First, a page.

A slightly modified crest was introduced in the mid-Nineties. The design was fundamentally unchanged, only the design of the football being changed. This was probably done so that the new version could be copyrighted to counter the growing problem of counterfeit replica shirts that had become an issue. Both versions of the crest appeared out of a variety of backgrounds as well as being stitched directly onto the shirts.
In the summer of 2001 the Saints left the Dell, their home since 1898, to move into the new St Mary's Stadium, very close to the church where they began. In their final games at the Dell, the Saints wore the red and white quartered shirts worn by the original St Mary's club. Unusually, the club has not had a contract with any of the major kit manufacturers since 1999, preferring to market replicas under their own brand name.
After their appearance in the FA Cup final in 2003, the Saints qualified for the UEFA Cup. Owing to the rules that required solid colours on the back (their new shirts were striped front and back), the club introduced a special European strip. This was seen just twice in the tie against Steaua Bucarest when Southampton were eliminated.
After 27 seasons in the top flight, the Saints were relegated in 2005 after the controversial appointment of Harry Redknapp as manager (Redknapp had resigned as manager of Southampton's arch-rivals Portsmouth days before his appointment). After intense rumours in the media Redknapp walked out on 3 December 2005 to rejoin Portsmouth leading to an acrimonious legal dispute between the two clubs over compensation. Southampton's chairman Rupert Lowe, who had appointed Redknapp in the first place resigned in June 2006 shortly before he was forced out. Over the following three years the club was plagued by boardroom instability and constant rumours of takeovers, which failed to materialise. Inevitably the club was forced to sell players to raise funds and began to struggle. In April 2009, with the team already relegated, their parent holding company, Southampton Leisure Holdings plc was forced into administration, resulting in the team being handed a ten-point penalty.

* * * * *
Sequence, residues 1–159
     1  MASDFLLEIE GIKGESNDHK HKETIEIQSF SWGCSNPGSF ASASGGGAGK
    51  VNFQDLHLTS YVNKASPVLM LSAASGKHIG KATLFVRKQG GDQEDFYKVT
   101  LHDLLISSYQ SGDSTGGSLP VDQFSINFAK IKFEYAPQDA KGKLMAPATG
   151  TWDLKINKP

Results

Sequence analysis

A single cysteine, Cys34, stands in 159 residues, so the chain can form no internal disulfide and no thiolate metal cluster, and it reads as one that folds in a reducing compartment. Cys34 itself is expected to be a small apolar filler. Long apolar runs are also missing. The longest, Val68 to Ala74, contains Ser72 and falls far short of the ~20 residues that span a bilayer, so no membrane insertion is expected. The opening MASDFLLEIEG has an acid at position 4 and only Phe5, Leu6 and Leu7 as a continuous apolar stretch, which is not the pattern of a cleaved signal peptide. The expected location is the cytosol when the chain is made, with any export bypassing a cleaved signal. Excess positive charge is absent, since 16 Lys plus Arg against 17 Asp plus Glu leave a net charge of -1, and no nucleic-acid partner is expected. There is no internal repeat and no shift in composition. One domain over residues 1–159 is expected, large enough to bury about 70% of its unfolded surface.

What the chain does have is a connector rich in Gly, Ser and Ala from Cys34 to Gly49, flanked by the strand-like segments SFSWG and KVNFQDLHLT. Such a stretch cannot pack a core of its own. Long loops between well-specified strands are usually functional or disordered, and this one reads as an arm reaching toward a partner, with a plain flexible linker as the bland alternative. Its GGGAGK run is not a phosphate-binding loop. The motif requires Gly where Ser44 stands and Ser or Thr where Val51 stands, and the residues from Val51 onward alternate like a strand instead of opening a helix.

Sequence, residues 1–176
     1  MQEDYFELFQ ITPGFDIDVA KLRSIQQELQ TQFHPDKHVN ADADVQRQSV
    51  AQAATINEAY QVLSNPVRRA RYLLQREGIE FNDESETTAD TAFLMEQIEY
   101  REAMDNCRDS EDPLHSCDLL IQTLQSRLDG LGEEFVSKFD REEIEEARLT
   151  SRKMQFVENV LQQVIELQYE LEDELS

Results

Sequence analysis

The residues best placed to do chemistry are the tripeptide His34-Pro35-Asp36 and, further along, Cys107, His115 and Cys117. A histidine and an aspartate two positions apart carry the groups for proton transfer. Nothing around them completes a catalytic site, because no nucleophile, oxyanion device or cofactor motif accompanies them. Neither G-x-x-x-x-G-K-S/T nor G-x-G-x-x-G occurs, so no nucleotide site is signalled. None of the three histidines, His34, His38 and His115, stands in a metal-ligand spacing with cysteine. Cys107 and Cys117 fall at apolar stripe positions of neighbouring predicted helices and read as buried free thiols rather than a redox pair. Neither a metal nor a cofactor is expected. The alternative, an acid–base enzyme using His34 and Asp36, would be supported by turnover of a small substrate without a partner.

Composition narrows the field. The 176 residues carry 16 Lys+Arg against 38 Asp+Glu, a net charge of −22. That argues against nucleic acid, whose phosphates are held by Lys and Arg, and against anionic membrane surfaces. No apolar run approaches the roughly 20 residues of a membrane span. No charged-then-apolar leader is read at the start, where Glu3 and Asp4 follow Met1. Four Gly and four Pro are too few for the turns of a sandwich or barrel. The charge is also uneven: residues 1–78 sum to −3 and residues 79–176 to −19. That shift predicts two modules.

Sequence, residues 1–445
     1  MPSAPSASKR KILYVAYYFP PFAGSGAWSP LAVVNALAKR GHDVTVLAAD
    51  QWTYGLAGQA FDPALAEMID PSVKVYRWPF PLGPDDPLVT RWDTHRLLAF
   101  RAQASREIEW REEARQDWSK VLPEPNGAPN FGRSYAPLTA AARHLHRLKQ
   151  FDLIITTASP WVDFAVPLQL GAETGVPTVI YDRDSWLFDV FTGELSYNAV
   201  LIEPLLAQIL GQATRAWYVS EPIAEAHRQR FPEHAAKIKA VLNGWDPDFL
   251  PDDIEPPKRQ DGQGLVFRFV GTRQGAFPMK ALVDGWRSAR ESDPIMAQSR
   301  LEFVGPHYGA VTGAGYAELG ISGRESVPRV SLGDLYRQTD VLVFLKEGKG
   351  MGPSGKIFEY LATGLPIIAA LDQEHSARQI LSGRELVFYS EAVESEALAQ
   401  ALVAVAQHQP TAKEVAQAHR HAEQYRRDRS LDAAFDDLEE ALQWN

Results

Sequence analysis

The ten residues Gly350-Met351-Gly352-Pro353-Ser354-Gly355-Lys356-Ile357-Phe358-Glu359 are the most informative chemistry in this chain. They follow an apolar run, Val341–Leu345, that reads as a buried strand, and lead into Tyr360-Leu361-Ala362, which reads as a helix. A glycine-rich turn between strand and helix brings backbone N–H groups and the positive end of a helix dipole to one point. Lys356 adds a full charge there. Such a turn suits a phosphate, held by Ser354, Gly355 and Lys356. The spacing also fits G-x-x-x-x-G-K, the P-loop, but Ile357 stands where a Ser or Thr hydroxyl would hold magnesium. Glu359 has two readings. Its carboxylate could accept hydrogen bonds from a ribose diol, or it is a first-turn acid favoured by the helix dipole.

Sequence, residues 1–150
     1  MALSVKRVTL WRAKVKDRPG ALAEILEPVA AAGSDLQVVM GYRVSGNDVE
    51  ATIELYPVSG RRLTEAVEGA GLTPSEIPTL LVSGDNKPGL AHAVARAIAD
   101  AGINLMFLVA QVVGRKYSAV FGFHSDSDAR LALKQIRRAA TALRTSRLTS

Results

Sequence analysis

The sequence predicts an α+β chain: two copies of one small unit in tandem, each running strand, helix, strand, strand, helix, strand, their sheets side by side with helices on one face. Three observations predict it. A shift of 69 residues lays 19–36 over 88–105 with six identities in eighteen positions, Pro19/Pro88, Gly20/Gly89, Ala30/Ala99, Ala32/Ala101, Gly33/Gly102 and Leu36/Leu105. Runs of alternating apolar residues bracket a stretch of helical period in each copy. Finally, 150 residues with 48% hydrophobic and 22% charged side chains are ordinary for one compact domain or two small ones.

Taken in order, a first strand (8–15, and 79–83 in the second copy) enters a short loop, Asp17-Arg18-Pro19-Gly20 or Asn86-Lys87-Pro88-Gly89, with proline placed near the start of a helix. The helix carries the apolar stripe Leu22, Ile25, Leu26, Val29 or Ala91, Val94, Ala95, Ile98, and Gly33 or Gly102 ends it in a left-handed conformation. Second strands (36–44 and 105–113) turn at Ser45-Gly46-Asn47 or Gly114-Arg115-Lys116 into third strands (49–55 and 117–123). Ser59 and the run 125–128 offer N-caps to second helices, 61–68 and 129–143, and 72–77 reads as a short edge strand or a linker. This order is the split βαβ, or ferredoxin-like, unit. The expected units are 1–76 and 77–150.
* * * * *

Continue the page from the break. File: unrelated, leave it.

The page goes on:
For their 125th anniversary, the club adopted a smart replica of their first ever strip complete with a special commemorative crest for the 2010-11 season. After finishing as runners-up, the Saints returned to the Championship for 2011-12. They won promotion again the following season and for their return to the Premier League, a radical all-red strip was introduced. To the surprise of many (and the discomfort of more than a few supporters) when Adidas took over from Umbro the following season the first choice strip remained all-red with metallic gold detailing while the crest was rendered in gold and red rather than the familiar full-colour version.
To the delight of supporters, striped shirts and black shorts were reinstated for the 2014-15 season, produced in house and without branding.
- (a) Up the Saints - an independent site with a good historical section and comprehensive graphic guide to the club's crest over the years
- (b) The Saints - a Complete Record of Southampton Football Club 1885-1987 (Gary Chalk and Duncan Holley 1987)
- (c) Sporting Heroes
- (d) Official Southampton FC Site
- (e) Nineteen66 Rare Football Memorabilia
- (f) Kuen-Wah Cheung
- (g) David King
- (h) True Colours 2 (John Devlin 2007)
- (i) Alick Milne
- (j) Football League Review
- (k) Andrew Bartlett
- (l) David Juson (Southampton FC Historian)
- (m) Keith Ellis (HFK Research Associate)
- (n) Godfrey Cook
- (o) Chris Nathans
- (p) Willie Kay
- (q) teamead.co.uk - squad photos from 1887 to the present.
Photograph courtesy of The Saints - a Complete Record of Southampton Football Club 1885-1987 (Gary Chalk and Duncan Holley 1987).
Crests are the property of Southampton FC.